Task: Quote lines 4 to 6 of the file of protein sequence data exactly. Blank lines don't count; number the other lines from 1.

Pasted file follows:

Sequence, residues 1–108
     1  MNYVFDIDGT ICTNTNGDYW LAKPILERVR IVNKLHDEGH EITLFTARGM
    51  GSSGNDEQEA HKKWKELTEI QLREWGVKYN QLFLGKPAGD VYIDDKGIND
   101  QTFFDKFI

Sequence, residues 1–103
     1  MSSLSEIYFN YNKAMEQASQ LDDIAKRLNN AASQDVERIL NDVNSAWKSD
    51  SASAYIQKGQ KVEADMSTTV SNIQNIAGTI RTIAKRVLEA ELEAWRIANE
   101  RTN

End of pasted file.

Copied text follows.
   101  QTFFDKFI

Sequence, residues 1–103
     1  MSSLSEIYFN YNKAMEQASQ LDDIAKRLNN AASQDVERIL NDVNSAWKSD